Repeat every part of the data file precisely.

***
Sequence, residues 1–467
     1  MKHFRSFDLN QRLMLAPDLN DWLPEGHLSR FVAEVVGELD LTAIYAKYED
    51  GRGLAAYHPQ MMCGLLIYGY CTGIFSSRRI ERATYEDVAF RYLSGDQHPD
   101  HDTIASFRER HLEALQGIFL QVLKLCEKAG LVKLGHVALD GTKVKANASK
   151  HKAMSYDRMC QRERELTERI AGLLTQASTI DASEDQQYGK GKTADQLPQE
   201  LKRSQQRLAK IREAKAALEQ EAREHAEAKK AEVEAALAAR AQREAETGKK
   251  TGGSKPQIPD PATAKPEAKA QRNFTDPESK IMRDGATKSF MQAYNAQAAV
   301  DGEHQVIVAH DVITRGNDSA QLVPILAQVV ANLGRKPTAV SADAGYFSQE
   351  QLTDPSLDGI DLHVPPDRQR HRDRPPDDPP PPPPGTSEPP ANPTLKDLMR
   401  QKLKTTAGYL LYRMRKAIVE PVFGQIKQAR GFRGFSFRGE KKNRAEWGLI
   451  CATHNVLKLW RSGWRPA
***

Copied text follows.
Sequence, residues 1–467
     1  MKHFRSFDLN QRLMLAPDLN DWLPEGHLSR FVAEVVGELD LTAIYAKYED
    51  GRGLAAYHPQ MMCGLLIYGY CTGIFSSRRI ERATYEDVAF RYLSGDQHPD
   101  HDTIASFRER HLEALQGIFL QVLKLCEKAG LVKLGHVALD GTKVKANASK
   151  HKAMSYDRMC QRERELTERI AGLLTQASTI DASEDQQYGK GKTADQLPQE
   201  LKRSQQRLAK IREAKAALEQ EAREHAEAKK AEVEAALAAR AQREAETGKK
   251  TGGSKPQIPD PATAKPEAKA QRNFTDPESK IMRDGATKSF MQAYNAQAAV
   301  DGEHQVIVAH DVITRGNDSA QLVPILAQVV ANLGRKPTAV SADAGYFSQE
   351  QLTDPSLDGI DLHVPPDRQR HRDRPPDDPP PPPPGTSEPP ANPTLKDLMR
   401  QKLKTTAGYL LYRMRKAIVE PVFGQIKQAR GFRGFSFRGE KKNRAEWGLI
   451  CATHNVLKLW RSGWRPA